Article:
The applicant is a Japanese national who is applying for a treaty investor status on his arrival to the United States. The applicant is a highly skilled chef in a specific Japanese form of cooking and has come to assist another treaty investor business by training US citizens in this particular form of cooking.
The applicant had arrived in the United States with an E-2 visa but was informed that he could be excludable under a different statute.
The applicant is highly knowledgeable in the specific form of cooking and is a graduate of a leading culinary school in Japan.
The applicant has come to teach others in the art form and intends to leave after a period of one year.
The court finds that the specific form of cooking is a highly technical art form that requires professional instruction.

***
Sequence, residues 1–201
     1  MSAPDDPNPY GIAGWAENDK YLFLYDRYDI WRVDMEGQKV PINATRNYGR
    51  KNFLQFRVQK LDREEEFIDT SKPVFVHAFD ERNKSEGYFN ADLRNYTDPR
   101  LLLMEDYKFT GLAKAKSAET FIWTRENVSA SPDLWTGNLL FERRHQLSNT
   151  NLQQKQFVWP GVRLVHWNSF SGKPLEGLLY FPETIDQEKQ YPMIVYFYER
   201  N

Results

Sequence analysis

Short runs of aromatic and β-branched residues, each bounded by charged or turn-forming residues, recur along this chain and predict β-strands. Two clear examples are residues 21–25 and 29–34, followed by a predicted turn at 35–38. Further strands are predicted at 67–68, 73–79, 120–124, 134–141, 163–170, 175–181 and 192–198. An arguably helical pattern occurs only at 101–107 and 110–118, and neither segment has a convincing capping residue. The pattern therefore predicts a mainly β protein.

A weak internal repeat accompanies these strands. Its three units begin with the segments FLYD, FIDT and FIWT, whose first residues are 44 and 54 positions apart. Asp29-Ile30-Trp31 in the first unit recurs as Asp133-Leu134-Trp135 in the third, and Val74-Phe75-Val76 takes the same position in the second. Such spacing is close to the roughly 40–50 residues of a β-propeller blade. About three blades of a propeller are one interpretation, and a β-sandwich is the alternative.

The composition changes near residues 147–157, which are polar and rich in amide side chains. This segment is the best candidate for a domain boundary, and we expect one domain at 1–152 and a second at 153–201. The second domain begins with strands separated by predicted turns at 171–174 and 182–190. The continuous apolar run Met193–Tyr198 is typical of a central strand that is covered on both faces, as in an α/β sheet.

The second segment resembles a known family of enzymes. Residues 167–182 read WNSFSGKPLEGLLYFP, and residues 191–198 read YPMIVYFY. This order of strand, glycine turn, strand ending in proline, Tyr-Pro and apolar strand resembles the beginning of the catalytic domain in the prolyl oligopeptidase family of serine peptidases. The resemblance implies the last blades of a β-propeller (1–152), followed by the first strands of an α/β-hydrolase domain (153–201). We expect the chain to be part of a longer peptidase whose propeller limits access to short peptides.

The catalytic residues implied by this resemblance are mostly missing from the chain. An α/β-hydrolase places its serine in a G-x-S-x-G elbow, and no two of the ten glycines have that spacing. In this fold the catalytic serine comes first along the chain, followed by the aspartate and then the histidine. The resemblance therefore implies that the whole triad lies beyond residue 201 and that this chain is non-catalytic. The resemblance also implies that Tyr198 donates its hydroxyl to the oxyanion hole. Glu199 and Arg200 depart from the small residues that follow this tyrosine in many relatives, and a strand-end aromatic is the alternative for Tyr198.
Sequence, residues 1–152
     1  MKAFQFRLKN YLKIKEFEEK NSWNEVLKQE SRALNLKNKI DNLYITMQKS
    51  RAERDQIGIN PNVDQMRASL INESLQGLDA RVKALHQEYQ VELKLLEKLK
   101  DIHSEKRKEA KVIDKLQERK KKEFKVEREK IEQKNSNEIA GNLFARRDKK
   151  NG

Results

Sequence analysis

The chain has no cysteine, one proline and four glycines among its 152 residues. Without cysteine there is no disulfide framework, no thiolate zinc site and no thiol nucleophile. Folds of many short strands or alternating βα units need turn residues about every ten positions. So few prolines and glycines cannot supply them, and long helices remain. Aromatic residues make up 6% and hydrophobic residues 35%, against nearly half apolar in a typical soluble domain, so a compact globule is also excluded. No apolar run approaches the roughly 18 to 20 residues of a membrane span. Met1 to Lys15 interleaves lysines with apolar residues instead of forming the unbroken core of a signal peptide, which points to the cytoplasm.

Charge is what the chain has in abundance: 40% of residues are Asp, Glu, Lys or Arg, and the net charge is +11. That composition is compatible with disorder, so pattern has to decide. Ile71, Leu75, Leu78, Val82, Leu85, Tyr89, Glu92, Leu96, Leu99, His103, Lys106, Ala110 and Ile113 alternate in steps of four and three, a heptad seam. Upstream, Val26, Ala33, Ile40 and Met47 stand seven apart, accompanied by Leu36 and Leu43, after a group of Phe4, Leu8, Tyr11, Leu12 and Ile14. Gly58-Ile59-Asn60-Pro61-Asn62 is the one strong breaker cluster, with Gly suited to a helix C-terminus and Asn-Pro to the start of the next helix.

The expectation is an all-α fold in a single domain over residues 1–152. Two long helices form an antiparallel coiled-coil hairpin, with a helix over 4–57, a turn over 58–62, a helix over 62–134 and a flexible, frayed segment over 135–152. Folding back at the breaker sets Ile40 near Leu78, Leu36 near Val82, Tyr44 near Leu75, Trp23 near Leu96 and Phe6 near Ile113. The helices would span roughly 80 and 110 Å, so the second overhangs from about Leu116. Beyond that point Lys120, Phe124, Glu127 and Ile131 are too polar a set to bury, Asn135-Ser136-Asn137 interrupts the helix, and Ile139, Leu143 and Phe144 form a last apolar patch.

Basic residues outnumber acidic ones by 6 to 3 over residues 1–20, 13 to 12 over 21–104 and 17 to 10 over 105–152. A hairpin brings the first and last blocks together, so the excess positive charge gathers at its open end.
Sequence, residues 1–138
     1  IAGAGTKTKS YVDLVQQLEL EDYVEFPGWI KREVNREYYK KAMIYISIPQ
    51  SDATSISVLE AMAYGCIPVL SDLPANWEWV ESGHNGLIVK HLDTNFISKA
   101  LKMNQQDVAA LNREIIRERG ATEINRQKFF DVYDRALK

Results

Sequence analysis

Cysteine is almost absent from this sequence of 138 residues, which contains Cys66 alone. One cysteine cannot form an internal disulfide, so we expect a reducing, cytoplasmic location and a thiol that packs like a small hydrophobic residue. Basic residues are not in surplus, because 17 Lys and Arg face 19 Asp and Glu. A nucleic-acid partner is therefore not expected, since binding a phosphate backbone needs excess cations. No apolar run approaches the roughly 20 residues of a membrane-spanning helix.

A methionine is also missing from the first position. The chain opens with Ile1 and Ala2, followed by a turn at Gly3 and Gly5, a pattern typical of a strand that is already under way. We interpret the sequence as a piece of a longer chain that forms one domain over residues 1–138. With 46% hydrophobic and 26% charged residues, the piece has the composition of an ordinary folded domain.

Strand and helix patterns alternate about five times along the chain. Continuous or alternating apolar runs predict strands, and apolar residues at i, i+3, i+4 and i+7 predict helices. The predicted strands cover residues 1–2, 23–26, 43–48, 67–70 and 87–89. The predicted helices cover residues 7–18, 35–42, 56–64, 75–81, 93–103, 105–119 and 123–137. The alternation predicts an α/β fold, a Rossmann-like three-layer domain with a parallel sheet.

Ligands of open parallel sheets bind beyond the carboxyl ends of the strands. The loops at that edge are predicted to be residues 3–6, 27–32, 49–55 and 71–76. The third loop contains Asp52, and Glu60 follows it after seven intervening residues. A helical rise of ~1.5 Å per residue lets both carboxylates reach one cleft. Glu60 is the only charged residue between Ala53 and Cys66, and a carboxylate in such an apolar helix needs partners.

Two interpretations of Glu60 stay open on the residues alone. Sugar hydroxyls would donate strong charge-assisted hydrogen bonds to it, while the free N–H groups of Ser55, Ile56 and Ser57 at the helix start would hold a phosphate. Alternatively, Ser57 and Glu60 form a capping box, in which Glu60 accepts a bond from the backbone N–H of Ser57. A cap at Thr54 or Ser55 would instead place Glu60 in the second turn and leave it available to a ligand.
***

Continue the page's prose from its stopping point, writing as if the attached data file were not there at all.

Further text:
III. LEGAL ANALYSIS
Standard for Consideration
The relevant legislation is in the section defining the E-2 visa in the treaty investor treaty with Japan as well as defined in Matter of Udagawa.
Immigrants can be classified as a treaty investor if he shows his intention to depart after his termination and if he is employed in a responsibly matter by his employer of the same nationality.
Standard for Approval
The court finds that the applicant is skilled in a specific set of skills that renders him critical to the operation of the treaty investor business.
The court also noted the applicant’s intent to return to Japan after he has sufficiently trained subordinates in his set of skills.
The court has dismissed the appeal from the Immigration and Naturalization Service and has decided to issue the applicant treaty investor status on the basis that his employment constitutes a responsible capacity based on the amount of skill that is required in his profession and that his intent to return to Japan after his goal of finding an appropriate substitute is complete qualifies him for treaty investor status and can remain in the United States.
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